In May this year, Ice Telecommunications Limited was fined £80,000 for making unsolicited business calls to businesses registered with the Corporate Telephone Preference Service (CTPS) and TPS.

What steps should UK businesses take to comply with UK GDPR?

The UK GDPR is broadly similar to GDPR across Europe and some of the basic things that UK businesses can do to be compliant include:

  • Appointing a data protection officer (DPO) or otherwise allocating responsibility for data protection to a responsible person.
  • Conducting a data protection impact assessment (DPIA).
  • Only collecting personal data that is necessary for the purpose for which it is being collected.
  • Keeping personal data accurate and up-to-date.
  • Storing personal data securely.
  • Deleting personal data when it is no longer needed.
  • Reporting data breaches to the ICO.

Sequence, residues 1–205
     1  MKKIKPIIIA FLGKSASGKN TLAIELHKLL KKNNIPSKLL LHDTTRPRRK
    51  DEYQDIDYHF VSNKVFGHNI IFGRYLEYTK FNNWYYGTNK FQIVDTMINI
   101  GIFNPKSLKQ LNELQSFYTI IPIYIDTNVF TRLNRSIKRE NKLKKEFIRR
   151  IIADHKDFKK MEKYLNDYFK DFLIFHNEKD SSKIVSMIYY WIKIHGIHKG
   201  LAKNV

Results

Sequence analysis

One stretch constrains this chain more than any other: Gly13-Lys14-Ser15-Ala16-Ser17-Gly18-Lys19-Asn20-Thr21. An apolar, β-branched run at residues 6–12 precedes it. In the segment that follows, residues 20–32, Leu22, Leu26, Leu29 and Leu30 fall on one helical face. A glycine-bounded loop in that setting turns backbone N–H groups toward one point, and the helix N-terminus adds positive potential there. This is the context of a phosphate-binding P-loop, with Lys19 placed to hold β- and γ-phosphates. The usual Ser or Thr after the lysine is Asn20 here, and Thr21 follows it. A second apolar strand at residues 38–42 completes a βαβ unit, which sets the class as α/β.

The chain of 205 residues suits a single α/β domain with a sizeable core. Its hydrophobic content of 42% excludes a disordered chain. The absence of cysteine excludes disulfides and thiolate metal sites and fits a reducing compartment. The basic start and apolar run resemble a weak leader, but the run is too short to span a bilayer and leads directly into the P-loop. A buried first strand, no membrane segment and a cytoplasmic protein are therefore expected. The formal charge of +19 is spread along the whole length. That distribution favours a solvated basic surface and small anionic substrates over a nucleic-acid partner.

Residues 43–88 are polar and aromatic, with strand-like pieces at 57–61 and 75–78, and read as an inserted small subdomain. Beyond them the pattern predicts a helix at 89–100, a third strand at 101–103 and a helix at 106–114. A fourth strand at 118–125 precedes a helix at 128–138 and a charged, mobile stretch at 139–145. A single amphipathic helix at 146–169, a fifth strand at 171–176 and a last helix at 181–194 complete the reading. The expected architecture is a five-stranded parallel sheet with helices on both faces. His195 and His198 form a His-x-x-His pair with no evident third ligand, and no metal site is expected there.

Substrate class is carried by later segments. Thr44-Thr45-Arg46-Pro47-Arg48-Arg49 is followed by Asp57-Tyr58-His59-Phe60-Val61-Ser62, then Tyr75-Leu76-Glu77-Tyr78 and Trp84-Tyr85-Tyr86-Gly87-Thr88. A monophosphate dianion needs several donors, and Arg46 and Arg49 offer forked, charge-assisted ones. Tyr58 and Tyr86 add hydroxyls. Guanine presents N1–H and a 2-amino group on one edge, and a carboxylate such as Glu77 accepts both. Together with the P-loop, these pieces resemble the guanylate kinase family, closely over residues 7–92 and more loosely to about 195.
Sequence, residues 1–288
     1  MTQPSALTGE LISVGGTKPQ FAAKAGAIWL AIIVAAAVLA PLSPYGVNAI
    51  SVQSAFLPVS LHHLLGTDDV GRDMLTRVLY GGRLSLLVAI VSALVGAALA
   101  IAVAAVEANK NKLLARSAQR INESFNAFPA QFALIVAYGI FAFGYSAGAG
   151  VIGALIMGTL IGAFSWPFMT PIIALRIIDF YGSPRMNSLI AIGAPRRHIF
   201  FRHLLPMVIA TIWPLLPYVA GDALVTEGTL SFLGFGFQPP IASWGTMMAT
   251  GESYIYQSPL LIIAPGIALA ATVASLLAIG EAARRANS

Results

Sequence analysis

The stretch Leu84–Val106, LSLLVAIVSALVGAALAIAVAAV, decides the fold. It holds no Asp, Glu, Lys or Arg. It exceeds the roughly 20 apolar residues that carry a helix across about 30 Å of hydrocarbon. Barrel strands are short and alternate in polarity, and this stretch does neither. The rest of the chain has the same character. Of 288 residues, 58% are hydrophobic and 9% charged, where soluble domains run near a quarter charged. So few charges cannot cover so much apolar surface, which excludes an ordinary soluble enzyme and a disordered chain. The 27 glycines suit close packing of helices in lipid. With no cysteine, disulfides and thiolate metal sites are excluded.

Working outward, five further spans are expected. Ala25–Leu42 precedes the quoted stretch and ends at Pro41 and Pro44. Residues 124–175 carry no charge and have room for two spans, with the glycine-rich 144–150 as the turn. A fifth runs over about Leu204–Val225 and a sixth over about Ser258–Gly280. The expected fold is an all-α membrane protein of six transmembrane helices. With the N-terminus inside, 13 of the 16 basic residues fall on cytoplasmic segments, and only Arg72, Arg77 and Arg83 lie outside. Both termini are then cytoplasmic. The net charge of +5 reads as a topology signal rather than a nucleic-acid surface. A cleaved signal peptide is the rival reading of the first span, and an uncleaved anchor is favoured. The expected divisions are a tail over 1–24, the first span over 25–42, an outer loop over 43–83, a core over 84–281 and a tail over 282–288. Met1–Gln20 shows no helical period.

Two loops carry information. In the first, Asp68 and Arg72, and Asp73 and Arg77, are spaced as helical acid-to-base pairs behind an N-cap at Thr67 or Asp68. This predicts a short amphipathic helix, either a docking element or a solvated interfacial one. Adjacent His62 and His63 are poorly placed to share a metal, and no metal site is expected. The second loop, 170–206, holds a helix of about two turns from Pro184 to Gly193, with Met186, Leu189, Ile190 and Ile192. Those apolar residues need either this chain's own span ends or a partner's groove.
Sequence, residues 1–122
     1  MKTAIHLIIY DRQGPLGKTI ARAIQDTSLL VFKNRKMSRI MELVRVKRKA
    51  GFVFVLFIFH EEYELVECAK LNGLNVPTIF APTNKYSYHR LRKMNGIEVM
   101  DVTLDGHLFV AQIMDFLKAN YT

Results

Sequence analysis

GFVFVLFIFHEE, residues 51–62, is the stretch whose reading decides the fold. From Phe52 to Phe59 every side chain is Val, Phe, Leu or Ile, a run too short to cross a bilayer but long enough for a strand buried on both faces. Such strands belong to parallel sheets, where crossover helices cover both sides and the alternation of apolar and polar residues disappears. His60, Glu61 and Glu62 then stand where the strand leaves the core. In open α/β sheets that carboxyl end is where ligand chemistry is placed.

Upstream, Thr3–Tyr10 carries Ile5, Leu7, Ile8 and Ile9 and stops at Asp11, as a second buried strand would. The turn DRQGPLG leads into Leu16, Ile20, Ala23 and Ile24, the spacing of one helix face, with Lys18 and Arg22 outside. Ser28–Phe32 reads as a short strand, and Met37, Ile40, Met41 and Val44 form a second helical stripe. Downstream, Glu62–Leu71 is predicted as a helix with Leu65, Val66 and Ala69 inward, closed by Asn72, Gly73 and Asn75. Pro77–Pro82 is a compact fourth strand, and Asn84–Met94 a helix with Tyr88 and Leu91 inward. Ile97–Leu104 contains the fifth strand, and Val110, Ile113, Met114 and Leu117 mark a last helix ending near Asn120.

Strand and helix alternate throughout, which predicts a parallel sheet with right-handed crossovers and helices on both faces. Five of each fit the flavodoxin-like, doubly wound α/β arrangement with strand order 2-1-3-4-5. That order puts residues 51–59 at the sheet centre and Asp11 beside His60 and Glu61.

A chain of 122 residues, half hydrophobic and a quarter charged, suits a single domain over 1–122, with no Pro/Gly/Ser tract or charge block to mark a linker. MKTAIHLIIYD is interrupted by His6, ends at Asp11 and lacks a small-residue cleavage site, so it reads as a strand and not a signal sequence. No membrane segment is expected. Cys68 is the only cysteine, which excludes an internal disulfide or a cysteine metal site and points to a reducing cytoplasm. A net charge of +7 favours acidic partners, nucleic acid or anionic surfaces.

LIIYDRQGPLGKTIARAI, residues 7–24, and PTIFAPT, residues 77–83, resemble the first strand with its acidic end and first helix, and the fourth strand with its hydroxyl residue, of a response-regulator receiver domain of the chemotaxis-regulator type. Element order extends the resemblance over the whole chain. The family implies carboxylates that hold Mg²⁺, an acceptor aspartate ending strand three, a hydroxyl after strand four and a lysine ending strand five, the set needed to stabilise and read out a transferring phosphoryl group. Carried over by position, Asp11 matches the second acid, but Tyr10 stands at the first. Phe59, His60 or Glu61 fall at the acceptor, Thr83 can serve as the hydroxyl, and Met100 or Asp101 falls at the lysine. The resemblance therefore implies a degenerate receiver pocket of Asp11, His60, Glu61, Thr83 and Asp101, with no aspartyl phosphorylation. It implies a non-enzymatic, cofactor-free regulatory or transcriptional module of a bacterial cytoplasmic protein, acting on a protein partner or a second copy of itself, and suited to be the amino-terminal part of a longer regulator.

How 3CS can help

One way we can help you is by conducting an annual compliance check. This is an effective way of assessing your data protection compliance to identify areas of risk. It is similar to a full data protection compliance review but is a more cost-effective process that can be carried out more flexibly.

For further help and advice on compliance checks or any data protection matter, please get in touch with your usual 3CS contact.



Keith McAlister


3CS Corporate Solicitors

Providing solutions, not just legal advice
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Registered in England & Wales | Registered office is 60 Moorgate, London, EC2R 6EJ
3CS Corporate Solicitors Ltd is registered under the number 08198795
3CS Corporate Solicitors Ltd is a Solicitors Practice, authorised and regulated by the Solicitors Regulation Authority with number 597935

Registered in England & Wales | Registered office is 60 Moorgate, London, EC2R 6EJ
3CS Corporate Solicitors Ltd is registered under the number 08198795
3CS Corporate Solicitors Ltd is a Solicitors Practice, authorised and regulated by the Solicitors Regulation Authority with number 597935